Myth #3: Mental illness often leads to violent and dangerous behavior


When news of a shocking incident such as a mass shooting first reaches us on TV, it’s likely that we’ll hear the words “mental illness” as the media speculates why it happened. But less than five percent of violence in the United States is caused by people with mental illnesses. The truth is, a mentally ill person is more likely to be a victim of violence — at four times the rate of the general public.

“The majority of individuals living with mental illness have productive relationships and are described by others as loving and caring people,” said Tamara Sheehan, director of psychiatry, Providence Sacred Heart Medical Center & Children’s Hospital, in Spokane, Wash.

About one in five adults in America experiences a mental illness. When people in this group are involved with violence, severe conditions such as untreated psychosis or co-occurring drug or alcohol abuse are typically contributing factors.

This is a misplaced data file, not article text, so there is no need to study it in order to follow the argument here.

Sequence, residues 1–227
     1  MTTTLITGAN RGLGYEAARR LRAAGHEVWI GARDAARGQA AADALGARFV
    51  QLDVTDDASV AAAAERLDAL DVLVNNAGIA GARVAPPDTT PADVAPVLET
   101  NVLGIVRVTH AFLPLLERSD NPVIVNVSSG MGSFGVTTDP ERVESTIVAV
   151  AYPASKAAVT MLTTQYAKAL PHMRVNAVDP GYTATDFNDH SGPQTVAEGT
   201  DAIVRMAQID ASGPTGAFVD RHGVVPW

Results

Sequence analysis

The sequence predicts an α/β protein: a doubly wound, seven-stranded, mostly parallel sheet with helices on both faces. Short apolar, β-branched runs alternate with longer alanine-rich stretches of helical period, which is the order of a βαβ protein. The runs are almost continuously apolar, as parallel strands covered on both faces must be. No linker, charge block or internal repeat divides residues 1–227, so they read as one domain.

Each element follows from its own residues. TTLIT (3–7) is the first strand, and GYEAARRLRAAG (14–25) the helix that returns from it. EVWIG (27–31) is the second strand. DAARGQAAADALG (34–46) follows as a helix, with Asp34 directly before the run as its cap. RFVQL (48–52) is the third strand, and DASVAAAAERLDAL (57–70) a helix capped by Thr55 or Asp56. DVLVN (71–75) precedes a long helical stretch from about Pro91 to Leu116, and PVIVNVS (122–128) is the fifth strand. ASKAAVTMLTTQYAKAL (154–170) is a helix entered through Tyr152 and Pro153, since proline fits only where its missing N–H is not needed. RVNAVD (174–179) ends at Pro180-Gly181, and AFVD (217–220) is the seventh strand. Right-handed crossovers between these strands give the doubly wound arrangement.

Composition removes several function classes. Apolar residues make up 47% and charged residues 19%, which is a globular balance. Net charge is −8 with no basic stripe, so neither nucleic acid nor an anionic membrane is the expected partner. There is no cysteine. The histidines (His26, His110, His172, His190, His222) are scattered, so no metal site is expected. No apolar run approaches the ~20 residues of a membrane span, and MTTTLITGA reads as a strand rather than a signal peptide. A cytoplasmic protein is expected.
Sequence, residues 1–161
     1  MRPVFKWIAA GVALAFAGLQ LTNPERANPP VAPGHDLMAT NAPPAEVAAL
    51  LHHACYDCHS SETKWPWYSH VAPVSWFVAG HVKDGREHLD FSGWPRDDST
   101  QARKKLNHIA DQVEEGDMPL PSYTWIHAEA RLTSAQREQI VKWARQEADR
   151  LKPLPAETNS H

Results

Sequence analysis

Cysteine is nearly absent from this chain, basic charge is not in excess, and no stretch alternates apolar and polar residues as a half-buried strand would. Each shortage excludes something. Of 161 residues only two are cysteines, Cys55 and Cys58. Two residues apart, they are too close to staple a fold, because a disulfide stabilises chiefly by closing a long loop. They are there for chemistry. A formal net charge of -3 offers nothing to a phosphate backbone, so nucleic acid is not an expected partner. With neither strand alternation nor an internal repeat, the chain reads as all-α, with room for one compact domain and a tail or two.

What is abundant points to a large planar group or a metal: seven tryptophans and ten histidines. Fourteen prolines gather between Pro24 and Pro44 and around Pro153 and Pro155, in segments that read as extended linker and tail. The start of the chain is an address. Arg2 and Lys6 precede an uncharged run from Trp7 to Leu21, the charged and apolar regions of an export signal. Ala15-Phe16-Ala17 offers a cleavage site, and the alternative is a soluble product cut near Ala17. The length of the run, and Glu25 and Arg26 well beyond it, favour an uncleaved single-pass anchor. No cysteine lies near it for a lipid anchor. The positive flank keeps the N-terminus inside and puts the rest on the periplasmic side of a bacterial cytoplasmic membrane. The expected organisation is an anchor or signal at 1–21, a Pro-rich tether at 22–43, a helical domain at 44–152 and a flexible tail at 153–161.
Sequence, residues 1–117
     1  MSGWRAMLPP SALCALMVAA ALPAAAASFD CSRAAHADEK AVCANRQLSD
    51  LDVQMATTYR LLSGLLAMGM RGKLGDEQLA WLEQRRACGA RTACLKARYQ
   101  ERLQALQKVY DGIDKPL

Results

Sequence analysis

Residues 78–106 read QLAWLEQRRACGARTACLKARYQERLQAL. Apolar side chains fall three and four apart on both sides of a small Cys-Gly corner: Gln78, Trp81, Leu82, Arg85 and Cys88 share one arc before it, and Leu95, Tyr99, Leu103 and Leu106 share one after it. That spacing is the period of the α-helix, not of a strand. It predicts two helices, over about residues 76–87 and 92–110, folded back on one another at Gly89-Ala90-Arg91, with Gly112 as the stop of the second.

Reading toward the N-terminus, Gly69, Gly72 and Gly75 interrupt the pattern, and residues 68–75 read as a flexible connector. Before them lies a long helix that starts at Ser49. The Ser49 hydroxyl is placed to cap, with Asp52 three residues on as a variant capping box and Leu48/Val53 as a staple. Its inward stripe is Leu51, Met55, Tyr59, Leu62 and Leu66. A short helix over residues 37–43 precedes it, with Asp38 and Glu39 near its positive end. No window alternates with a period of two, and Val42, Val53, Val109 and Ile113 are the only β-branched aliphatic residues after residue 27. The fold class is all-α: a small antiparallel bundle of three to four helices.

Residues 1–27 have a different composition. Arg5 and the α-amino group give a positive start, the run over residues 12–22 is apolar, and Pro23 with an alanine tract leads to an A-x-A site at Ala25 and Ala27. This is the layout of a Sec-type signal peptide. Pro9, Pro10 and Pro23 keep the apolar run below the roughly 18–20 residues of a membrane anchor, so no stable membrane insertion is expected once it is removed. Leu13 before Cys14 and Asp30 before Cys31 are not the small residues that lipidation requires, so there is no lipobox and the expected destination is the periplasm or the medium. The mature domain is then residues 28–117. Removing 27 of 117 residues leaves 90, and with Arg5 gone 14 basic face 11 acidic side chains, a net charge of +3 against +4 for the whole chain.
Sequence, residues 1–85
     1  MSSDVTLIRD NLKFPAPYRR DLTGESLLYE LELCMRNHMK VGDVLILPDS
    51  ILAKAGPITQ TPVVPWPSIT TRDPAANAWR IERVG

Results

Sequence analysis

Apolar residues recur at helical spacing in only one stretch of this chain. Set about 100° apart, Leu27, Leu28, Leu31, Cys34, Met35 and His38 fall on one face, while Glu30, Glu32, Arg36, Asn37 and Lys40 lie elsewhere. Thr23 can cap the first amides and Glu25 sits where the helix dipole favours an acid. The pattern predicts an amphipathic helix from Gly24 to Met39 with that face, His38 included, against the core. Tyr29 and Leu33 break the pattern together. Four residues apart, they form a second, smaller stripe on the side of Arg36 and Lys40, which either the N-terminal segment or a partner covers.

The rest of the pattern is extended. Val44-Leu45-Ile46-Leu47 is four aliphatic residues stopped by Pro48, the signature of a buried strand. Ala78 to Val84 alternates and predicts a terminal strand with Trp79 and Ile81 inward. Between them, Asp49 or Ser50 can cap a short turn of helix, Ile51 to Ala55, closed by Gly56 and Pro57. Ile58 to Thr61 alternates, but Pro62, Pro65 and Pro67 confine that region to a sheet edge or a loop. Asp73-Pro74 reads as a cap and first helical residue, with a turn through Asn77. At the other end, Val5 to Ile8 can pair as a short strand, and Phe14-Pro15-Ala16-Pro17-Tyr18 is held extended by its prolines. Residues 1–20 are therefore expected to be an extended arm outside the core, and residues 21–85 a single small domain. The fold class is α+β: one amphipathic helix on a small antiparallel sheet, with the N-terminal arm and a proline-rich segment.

Sources: Mental Health Myths and Facts; National Alliance on Mental Illness.

Myths and Mental Illness: Week 2

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The following guest article from Swedish Health Services/Providence Health & Services is the second in a series debunking myths about mental illness that will be featured here on the SeattleNTC blog.

Myth #2: You can just “snap out of it”


We wouldn’t expect a person with a broken leg or diabetes to just” snap out of it,” and in the same way we shouldn’t expect a person to think their way out of a mental illness.

“This misunderstanding is harmful because it creates unreasonable expectations and unnecessary suffering for people who have mental illness,” said Robin Henderson, PsyD, chief executive of behavioral health for Providence Medical Group in Oregon.

Many complex factors can contribute to mental illness, including genetics, hormonal changes during pregnancy, chronic physical illness and even traumatic experiences.

“We need to realize that as humans, our mind and body are connected by more than our neck,” Dr. Henderson said.

When to get help

Everyone experiences difficult times in life, and sadness can be a normal reaction, but it usually lessens with a little time or is manageable.

“When the feelings persist to the point that your quality of life and daily functioning are affected, you should reach out for help from a professional,” Dr. Henderson said. “Depression is a real illness, and we know that many people who get treatment, get better.”